Eight Trends leading to Libertaria
1. From Property to Ideas
In the old, property-based economy, labor, land and commodities were the most
important assets; in the new, ideas-based economy, people share ideas and that
sharing becomes the basis of their shares in companies. Such ideas-based shares
will become the most important assets of companies. Wealth and prospertity in
a country will hinge on the ability to create and refine ideas.
2. From time-based Labor to Creativity
People will put more of their efforts into the creation and refinement of ideas,
rather than to perform routine-based labor for fixed amounts of time for a fixed
3. From regulated Scarcity to Free Trade
As ideas become the most important component of the economy, countries where the
environment is more attractive for the generation of ideas will flourish.
Instead of restricting trade through regulations and the institution of monopolies,
countries will endeavour to free up trade and encourage optionality.
4. From Profit to Appreciation
Profits will be squeezed as countries worldwide implement competition policies
that avoid monopolies and cartels to dominate markets. Investors will buy shares
that hold the best promise of appreciation, rather than shares that promise high
dividends. Rather than that suppliers will be paid in currency, shareholders in
dividends and workers in salary, such stakeholders will more and more choose to take
stock options; appreciation of shares will be a greater aim for a company than profit.
Increased use of shares instead of money (see 5.) will help assets growth to become
more important than aims for profit and higher dividends.
5. From Money to Shares
People will start trading in company shares, rather than in money (currency).
One will also be able to exchange shares in one company directly against shares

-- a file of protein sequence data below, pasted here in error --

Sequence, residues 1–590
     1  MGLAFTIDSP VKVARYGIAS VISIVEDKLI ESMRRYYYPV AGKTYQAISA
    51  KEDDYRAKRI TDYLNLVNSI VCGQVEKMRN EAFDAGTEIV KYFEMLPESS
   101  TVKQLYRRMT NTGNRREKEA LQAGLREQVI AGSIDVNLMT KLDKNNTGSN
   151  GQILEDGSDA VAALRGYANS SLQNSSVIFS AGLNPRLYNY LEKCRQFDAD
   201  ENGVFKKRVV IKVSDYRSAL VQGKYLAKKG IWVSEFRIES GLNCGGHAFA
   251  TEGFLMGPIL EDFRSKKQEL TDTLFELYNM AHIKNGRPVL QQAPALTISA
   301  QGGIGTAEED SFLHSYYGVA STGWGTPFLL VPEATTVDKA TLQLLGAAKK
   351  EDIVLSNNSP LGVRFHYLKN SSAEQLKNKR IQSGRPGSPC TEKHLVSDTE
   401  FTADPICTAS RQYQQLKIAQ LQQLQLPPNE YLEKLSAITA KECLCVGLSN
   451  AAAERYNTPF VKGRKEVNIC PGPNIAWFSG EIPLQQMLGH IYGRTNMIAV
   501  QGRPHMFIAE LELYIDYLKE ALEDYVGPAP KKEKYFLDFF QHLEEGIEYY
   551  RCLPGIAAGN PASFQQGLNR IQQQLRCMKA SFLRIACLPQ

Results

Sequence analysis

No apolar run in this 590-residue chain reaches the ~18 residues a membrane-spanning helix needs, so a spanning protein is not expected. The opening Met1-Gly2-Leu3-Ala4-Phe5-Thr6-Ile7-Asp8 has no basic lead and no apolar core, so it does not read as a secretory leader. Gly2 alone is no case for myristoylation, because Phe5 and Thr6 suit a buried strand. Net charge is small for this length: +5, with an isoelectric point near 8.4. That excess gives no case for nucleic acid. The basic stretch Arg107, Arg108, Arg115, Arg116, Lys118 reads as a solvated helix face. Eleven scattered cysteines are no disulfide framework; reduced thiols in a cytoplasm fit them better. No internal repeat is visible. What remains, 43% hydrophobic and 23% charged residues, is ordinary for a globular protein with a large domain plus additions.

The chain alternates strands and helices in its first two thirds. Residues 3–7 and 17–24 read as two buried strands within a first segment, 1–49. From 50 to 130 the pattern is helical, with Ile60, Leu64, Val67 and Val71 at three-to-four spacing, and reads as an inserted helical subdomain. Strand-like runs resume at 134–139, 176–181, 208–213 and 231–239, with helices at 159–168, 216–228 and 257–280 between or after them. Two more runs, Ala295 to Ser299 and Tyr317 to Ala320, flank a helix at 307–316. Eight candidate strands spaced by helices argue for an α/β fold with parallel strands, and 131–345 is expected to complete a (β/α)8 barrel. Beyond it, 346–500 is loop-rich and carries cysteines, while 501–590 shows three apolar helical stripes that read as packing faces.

in another company. Investors will be able to change personal details, thus
directly changing ownership, after a self-chosen level of ownership verification.
Prominent shares will be traded online and worldwide, replacing money as the
most common facilitator of trade.
6. From Monopolies to Competition
Suppliers who dominate specific markets will choose to break up into parts that
compete in all areas. The larger a company, the less likely it will be that huge
profits can be made, given increased competition and globalisation. Investors
will aim for longer-term appreciation of shares, and will realize that the
combined value of such parts is more likely to appreciate, than if such parts
remained joined into a single company.
7. From Sales to Promotion
As it will become ever cheaper to supply products and services, suppliers will
attract an ever higher part of their revenues from advertisement and promotion for
third parties. Eventually, everything will typically be supplied for free, while
advertisers and sponsors will have a wide range of opportunities to choose from.
8. From Prohibition to Settlement
Governments and courts will less and less exercise censorship, prohibit a person's
or family's self-chosen lifestyle, or take sides in disputes. Political parties will
progressively choose for decrimalisation and government will eventually stop
exercising all control over society. Parties in a dispute will seek alternative
ways to reach settlements.